Specifically, the fourth line refers to a reassurance given to Heydrich that Hitler had no intention of acceding to increasingly vociferous demands voiced within the NSDAP in the fall of 1941 to liquidate the Protectorate and fully integrate it into the Reich—which would also have entailed the elimination of Heydrich’s position as Reichsprotektor. Liquidating the Protectorate would have been a violation of the Munich Agreement. Hitler still clung to the hope of an entente with Britain, and adhering to the Munich Agreement was the cornerstone of that policy. The reassurance given to Heydrich that the Protectorate of Bohemia and Moravia shall not be liquidated gives us an crucial insight into Hitler’s strategic thinking in the winter of 1941.

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Re: Himmler's note infers Hitler knew of liquidation ?

Postby Moderator » 4 years 5 months ago (Mon Jun 01, 2015 7:46 am)

I have moved pictorex's post above from 'Keine Liquidierung' note debunked by Butz to this thread. It's a better fit with pictorex's previous posts in this thread on the topic. I also added the document under discussion to pictorex's above post.
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Re: Himmler's note infers Hitler knew of liquidation ?

Postby pictorex » 4 years 5 months ago (Mon Jun 01, 2015 9:11 am)

A few years after David Irving published the document under discussion, the late Lucy S. Dawidowicz tried to refute him by artfully weaving all four lines of Himmler’s note together into a single story, as a result of which, she claimed “the last two lines now make sense”:

Himmler called Heydrich to instruct him that a certain Dr. Jekelius, presumed to be the Soviet Foreign Minister’s son, was to be taken into custody by the security service. Jekelius could be located on the transport of Jews from Berlin arriving in Prague and unlike the rest of the transport, was not to be liquidated. (Perhaps the Germans intended to exchange Jekelius for one of their officers captured by the Russians).1

1. Lucy S. Dawidowicz, The Holocaust and the Historians (Harvard University Press, 1981), p. 38.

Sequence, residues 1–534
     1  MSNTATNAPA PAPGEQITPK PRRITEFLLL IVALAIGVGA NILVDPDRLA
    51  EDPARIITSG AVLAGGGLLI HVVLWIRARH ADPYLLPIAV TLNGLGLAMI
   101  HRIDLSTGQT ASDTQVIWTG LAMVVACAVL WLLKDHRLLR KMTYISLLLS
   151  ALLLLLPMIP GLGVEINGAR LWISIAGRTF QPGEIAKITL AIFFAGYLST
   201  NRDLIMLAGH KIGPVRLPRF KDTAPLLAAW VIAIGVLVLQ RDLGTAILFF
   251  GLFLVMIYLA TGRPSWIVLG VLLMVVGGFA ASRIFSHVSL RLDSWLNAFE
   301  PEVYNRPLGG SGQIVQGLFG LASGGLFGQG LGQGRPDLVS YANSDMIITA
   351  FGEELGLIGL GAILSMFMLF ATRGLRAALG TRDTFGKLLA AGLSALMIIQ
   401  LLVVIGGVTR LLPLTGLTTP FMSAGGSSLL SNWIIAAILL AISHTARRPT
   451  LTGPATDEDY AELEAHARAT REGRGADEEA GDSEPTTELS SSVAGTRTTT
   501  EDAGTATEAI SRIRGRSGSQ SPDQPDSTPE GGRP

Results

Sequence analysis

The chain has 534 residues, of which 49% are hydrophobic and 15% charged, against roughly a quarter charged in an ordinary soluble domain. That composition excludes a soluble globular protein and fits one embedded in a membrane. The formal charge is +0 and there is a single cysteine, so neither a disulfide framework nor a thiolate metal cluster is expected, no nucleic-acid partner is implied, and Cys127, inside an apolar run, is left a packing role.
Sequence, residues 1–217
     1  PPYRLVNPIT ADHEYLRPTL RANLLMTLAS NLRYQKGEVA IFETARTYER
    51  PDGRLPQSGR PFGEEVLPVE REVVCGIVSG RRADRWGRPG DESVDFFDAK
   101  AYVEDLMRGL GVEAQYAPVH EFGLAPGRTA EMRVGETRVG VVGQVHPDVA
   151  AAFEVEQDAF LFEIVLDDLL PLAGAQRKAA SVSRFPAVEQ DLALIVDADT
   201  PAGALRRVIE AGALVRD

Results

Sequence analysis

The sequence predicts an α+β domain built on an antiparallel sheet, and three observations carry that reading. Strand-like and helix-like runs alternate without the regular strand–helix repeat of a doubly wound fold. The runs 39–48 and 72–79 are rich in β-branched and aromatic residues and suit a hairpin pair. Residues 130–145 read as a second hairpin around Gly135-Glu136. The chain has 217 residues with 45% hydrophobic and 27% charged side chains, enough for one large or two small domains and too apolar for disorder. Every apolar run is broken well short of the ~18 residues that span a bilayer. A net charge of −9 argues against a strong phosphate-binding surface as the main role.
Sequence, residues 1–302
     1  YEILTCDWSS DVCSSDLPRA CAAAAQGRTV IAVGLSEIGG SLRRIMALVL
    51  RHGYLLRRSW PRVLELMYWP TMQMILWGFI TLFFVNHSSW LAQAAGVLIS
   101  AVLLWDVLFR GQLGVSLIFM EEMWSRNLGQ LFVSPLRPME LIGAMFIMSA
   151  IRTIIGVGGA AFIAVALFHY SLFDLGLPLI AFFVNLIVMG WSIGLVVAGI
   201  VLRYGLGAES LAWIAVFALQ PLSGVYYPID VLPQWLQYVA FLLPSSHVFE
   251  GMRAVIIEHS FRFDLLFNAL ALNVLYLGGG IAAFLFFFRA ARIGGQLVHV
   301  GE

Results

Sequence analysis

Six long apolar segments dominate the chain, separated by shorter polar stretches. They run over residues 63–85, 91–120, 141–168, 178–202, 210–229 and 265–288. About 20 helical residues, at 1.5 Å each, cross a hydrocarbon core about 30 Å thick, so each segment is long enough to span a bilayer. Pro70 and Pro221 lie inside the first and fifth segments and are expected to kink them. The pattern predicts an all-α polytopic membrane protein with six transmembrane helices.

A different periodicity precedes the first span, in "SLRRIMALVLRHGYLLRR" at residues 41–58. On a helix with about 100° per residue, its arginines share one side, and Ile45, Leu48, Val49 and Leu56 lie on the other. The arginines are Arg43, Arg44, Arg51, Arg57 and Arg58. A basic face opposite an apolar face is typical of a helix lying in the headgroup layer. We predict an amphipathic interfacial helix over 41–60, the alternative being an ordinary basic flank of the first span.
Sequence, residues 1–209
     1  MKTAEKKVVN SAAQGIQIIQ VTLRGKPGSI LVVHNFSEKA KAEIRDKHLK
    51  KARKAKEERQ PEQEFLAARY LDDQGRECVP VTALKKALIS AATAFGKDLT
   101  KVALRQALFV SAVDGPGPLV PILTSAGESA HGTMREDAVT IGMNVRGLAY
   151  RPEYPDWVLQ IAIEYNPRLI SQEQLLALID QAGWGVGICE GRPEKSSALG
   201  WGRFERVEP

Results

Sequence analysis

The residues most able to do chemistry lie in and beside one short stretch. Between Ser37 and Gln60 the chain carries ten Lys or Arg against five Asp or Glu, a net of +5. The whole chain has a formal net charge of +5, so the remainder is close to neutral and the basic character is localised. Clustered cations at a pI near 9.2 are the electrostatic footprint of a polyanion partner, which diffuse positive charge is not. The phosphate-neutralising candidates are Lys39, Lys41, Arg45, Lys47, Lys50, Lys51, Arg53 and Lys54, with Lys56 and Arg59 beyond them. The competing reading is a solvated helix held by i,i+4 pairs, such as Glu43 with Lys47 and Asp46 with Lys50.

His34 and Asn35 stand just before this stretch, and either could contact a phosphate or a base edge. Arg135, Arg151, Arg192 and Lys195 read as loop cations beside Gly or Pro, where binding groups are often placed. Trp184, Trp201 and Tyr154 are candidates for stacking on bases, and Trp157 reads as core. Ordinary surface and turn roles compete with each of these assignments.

Even for someone so disinclined to engage in original research as Lucy Dawidowicz (even Raul Hilberg did not consider her to be a serious historian), the many anomalies of such a scenario should have have raised a number of red flags. It would not have taken much scholarly exertion to discover that Molotov did not have a son. Undeterred by such mundane facts Dawidowicz spun a tale in which the authorities became suspicious that Molotov’s presumed son operated undercover in Germany under the false name of Dr. Jekelius. As they closed in on him and attempted to arrest him, he slipped away and at the last moment jumped onto a train transporting Jews out of Berlin. But the ever-watchful authorities became aware of this desperate move and sent word to Hitler’s headquarters, from where urgent instructions were telephoned to Heydrich that Dr. Jekelius be taken off the train in Prague and thus spared being liquidated along with the rest of the Jews on the said transport, in order that he might be used in a future prisoner exchange. Dawidowicz does not explain why the train would have been routed through Prague in her scenario. Even though Heydrich was residing in Prague in his capacity as the Reichsprotektor of Bohemia and Moravia, his authority as the Obergruppenführer of the SS extended over the entire Reich and the territories under its control. He could thus have issued an alert for the removal of Dr. Jekelius from a train anywhere within his jurisdiction, had he been instructed to do. In fact none of the Berlin transports that could have been the subject of Himmler’t note passed through Prague: two were destined for Lodz and one for Riga.